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Weight on an incline, a two-dimensional problem

Consider the skier on a slope shown in [link] . Her mass including equipment is 60.0 kg. (a) What is her acceleration if friction is negligible? (b) What is her acceleration if friction is known to be 45.0 N?

A skier is skiing down the slope and the slope makes a twenty-five degree angle with the horizontal. Her weight W, shown by a vector vertically downward, breaks into two components—one is W parallel, which is shown by a vector arrow parallel to the slope, and the other is W perpendicular, shown by a vector arrow perpendicular to the slope in the downward direction. Vector N is represented by an arrow pointing upward and perpendicular to the slope, having the same length as W perpendicular. Friction vector f is represented by an arrow along the slope in the uphill direction. IIn a free-body diagram, the vector arrow W for weight is acting downward, the vector arrow for f is shown along the direction of the slope, and the vector arrow for N is shown perpendicular to the slope.
Since motion and friction are parallel to the slope, it is most convenient to project all forces onto a coordinate system where one axis is parallel to the slope and the other is perpendicular (axes shown to left of skier). N size 12{N} {} is perpendicular to the slope and f is parallel to the slope, but w size 12{w} {} has components along both axes, namely w size 12{w rSub { size 8{ ortho } } } {} and w . N size 12{N} {} is equal in magnitude to w size 12{w rSub { size 8{ ortho } } } {} , so that there is no motion perpendicular to the slope, but f size 12{f} {} is less than w size 12{w rSub { size 8{ \lline \lline } } } {} , so that there is a downslope acceleration (along the parallel axis).


This is a two-dimensional problem, since the forces on the skier (the system of interest) are not parallel. The approach we have used in two-dimensional kinematics also works very well here. Choose a convenient coordinate system and project the vectors onto its axes, creating two connected one -dimensional problems to solve. The most convenient coordinate system for motion on an incline is one that has one coordinate parallel to the slope and one perpendicular to the slope. (Remember that motions along mutually perpendicular axes are independent.) We use the symbols size 12{ ortho } {} and size 12{ \lline \lline } {} to represent perpendicular and parallel, respectively. This choice of axes simplifies this type of problem, because there is no motion perpendicular to the slope and because friction is always parallel to the surface between two objects. The only external forces acting on the system are the skier’s weight, friction, and the support of the slope, respectively labeled w size 12{w} {} , f size 12{f} {} , and N size 12{N} {} in [link] . N size 12{N} {} is always perpendicular to the slope, and f size 12{f} {} is parallel to it. But w size 12{w} {} is not in the direction of either axis, and so the first step we take is to project it into components along the chosen axes, defining w size 12{w rSub { size 8{ \lline \lline } } } {} to be the component of weight parallel to the slope and w size 12{w rSub { size 8{ ortho } } } {} the component of weight perpendicular to the slope. Once this is done, we can consider the two separate problems of forces parallel to the slope and forces perpendicular to the slope.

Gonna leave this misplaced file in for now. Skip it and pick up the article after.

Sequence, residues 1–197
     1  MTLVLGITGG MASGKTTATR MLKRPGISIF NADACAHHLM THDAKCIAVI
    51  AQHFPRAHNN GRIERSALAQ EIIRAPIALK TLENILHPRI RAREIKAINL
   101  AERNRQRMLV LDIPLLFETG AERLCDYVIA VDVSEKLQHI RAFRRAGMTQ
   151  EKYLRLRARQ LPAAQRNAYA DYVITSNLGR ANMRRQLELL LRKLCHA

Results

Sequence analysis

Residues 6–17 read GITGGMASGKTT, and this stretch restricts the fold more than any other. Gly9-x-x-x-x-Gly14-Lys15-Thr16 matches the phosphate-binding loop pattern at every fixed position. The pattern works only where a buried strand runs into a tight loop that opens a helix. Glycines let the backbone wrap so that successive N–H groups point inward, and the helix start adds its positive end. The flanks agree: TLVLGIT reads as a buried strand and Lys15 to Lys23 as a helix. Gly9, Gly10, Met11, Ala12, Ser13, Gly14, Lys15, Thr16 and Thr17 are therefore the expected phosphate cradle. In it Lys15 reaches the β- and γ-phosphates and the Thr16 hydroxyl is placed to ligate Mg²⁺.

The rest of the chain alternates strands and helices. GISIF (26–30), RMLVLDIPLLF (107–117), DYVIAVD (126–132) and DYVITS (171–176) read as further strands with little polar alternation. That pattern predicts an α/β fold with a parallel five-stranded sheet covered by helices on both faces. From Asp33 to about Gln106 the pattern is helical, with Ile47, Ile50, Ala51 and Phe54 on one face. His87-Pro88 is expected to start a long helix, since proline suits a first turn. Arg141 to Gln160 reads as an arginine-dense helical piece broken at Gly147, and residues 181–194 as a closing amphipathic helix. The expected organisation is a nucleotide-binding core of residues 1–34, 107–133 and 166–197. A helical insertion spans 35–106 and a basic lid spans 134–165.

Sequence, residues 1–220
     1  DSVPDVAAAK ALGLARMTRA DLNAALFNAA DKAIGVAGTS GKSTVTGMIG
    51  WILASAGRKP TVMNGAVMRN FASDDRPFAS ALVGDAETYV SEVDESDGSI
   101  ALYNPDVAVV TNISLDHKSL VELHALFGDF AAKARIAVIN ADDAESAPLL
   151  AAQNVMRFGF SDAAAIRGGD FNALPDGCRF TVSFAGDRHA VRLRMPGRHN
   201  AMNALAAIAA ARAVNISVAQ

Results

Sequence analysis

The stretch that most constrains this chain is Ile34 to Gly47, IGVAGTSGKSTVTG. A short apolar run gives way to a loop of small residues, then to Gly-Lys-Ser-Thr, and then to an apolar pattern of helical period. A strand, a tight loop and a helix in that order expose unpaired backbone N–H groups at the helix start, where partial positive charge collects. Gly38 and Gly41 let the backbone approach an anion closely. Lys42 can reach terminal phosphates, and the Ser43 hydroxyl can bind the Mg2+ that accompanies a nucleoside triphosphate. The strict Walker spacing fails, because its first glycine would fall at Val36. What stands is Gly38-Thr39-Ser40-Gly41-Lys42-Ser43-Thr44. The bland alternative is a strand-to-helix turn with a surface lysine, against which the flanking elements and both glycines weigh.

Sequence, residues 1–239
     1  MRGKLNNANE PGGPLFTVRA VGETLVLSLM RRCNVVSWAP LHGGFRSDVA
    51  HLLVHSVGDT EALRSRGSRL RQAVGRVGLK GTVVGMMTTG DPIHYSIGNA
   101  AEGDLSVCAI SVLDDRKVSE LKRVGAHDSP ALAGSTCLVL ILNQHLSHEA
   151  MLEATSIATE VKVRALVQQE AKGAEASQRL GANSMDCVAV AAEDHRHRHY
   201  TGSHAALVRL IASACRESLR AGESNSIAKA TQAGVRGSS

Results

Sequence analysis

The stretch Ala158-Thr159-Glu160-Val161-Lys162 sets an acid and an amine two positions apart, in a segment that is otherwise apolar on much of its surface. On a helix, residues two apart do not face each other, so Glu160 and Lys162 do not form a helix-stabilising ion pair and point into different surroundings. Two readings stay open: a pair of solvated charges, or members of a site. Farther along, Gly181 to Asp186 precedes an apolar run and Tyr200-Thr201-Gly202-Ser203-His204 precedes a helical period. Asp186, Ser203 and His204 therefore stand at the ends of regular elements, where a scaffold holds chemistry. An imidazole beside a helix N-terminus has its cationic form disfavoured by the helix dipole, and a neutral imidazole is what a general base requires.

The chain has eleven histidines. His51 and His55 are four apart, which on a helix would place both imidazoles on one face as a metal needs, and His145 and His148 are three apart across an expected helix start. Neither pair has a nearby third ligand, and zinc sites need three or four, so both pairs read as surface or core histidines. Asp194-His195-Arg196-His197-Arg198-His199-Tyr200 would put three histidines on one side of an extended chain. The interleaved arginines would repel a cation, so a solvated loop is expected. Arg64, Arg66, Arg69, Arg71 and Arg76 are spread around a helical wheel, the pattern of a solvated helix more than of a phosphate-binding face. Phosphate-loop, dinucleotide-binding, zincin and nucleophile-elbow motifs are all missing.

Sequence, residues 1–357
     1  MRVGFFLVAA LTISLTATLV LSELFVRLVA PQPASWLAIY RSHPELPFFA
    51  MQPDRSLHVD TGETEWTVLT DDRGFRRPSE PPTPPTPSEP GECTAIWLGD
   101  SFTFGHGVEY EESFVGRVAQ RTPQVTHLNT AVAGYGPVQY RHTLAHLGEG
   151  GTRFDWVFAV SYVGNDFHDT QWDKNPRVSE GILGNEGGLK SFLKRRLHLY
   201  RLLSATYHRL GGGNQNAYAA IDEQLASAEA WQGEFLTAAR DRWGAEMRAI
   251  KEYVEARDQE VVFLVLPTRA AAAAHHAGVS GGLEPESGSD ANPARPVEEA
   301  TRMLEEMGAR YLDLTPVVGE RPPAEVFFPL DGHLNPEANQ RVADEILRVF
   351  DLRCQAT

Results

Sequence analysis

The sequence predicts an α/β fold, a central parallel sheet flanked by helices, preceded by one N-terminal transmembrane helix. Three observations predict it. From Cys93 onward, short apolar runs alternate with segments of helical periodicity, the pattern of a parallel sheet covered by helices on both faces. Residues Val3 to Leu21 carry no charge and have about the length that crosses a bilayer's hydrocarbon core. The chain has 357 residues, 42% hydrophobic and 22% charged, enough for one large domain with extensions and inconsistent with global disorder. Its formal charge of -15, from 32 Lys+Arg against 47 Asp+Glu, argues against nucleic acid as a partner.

The magnitude of the component of the weight parallel to the slope is w = w sin ( 25º ) = mg sin ( 25º ) size 12{w rSub { size 8{ \lline \lline } } =w"sin" \( "25"° \) = ital "mg""sin" \( "25"° \) } {} , and the magnitude of the component of the weight perpendicular to the slope is w = w cos ( 25º ) = mg cos ( 25º ) size 12{w rSub { size 8{ ortho } } =w"cos" \( "25"° \) = ital "mg""cos" \( "25"° \) } {} .

(a) Neglecting friction. Since the acceleration is parallel to the slope, we need only consider forces parallel to the slope. (Forces perpendicular to the slope add to zero, since there is no acceleration in that direction.) The forces parallel to the slope are the amount of the skier’s weight parallel to the slope w size 12{w rSub { size 8{ \lline \lline } } } {} and friction f size 12{f} {} . Using Newton’s second law, with subscripts to denote quantities parallel to the slope,

a = F net m

where F net = w = mg sin ( 25º ) size 12{F rSub { size 8{"net " \lline \lline } } =w rSub { size 8{ \lline \lline } } = ital "mg""sin" \( "25"° \) } {} , assuming no friction for this part, so that

a = F net m = mg sin ( 25º ) m = g sin ( 25º )
( 9.80 m/s 2 ) ( 0.4226 ) = 4.14 m/s 2

is the acceleration.

(b) Including friction. We now have a given value for friction, and we know its direction is parallel to the slope and it opposes motion between surfaces in contact. So the net external force is now

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Source:  OpenStax, College physics arranged for cpslo phys141. OpenStax CNX. Dec 23, 2014 Download for free at http://legacy.cnx.org/content/col11718/1.4
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